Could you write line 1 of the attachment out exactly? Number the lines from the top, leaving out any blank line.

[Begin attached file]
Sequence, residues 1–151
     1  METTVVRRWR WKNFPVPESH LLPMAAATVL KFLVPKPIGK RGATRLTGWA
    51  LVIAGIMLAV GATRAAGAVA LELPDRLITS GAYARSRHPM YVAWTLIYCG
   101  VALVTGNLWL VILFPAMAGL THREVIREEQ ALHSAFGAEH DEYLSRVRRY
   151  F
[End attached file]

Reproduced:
Sequence, residues 1–151